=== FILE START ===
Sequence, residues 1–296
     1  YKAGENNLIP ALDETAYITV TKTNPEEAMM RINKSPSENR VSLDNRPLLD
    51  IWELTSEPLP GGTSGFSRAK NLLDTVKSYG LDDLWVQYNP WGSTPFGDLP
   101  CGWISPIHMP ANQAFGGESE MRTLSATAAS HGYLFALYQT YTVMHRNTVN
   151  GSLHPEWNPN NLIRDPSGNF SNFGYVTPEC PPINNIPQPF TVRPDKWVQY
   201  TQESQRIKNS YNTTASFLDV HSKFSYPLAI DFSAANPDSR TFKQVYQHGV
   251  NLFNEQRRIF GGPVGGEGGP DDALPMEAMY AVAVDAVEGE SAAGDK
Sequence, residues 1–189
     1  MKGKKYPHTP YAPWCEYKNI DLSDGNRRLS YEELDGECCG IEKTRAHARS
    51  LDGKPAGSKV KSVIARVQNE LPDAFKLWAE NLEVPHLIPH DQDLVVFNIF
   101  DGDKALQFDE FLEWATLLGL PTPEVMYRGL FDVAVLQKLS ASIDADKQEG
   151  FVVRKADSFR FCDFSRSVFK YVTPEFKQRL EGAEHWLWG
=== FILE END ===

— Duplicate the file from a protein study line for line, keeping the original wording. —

Sequence, residues 1–296
     1  YKAGENNLIP ALDETAYITV TKTNPEEAMM RINKSPSENR VSLDNRPLLD
    51  IWELTSEPLP GGTSGFSRAK NLLDTVKSYG LDDLWVQYNP WGSTPFGDLP
   101  CGWISPIHMP ANQAFGGESE MRTLSATAAS HGYLFALYQT YTVMHRNTVN
   151  GSLHPEWNPN NLIRDPSGNF SNFGYVTPEC PPINNIPQPF TVRPDKWVQY
   201  TQESQRIKNS YNTTASFLDV HSKFSYPLAI DFSAANPDSR TFKQVYQHGV
   251  NLFNEQRRIF GGPVGGEGGP DDALPMEAMY AVAVDAVEGE SAAGDK
Sequence, residues 1–189
     1  MKGKKYPHTP YAPWCEYKNI DLSDGNRRLS YEELDGECCG IEKTRAHARS
    51  LDGKPAGSKV KSVIARVQNE LPDAFKLWAE NLEVPHLIPH DQDLVVFNIF
   101  DGDKALQFDE FLEWATLLGL PTPEVMYRGL FDVAVLQKLS ASIDADKQEG
   151  FVVRKADSFR FCDFSRSVFK YVTPEFKQRL EGAEHWLWG